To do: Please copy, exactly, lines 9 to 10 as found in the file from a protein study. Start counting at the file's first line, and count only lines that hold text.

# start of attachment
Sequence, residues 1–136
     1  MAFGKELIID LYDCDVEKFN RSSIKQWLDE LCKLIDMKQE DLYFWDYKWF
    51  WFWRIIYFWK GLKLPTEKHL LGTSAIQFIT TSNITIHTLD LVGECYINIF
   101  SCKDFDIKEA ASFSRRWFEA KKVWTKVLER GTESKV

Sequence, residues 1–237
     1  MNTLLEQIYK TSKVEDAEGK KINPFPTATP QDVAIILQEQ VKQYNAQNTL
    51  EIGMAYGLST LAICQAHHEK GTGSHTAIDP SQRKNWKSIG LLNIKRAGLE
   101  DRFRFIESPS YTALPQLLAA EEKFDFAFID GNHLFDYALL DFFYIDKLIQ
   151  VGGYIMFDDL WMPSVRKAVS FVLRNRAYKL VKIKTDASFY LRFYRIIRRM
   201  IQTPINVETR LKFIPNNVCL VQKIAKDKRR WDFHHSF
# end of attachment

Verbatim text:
   151  VGGYIMFDDL WMPSVRKAVS FVLRNRAYKL VKIKTDASFY LRFYRIIRRM
   201  IQTPINVETR LKFIPNNVCL VQKIAKDKRR WDFHHSF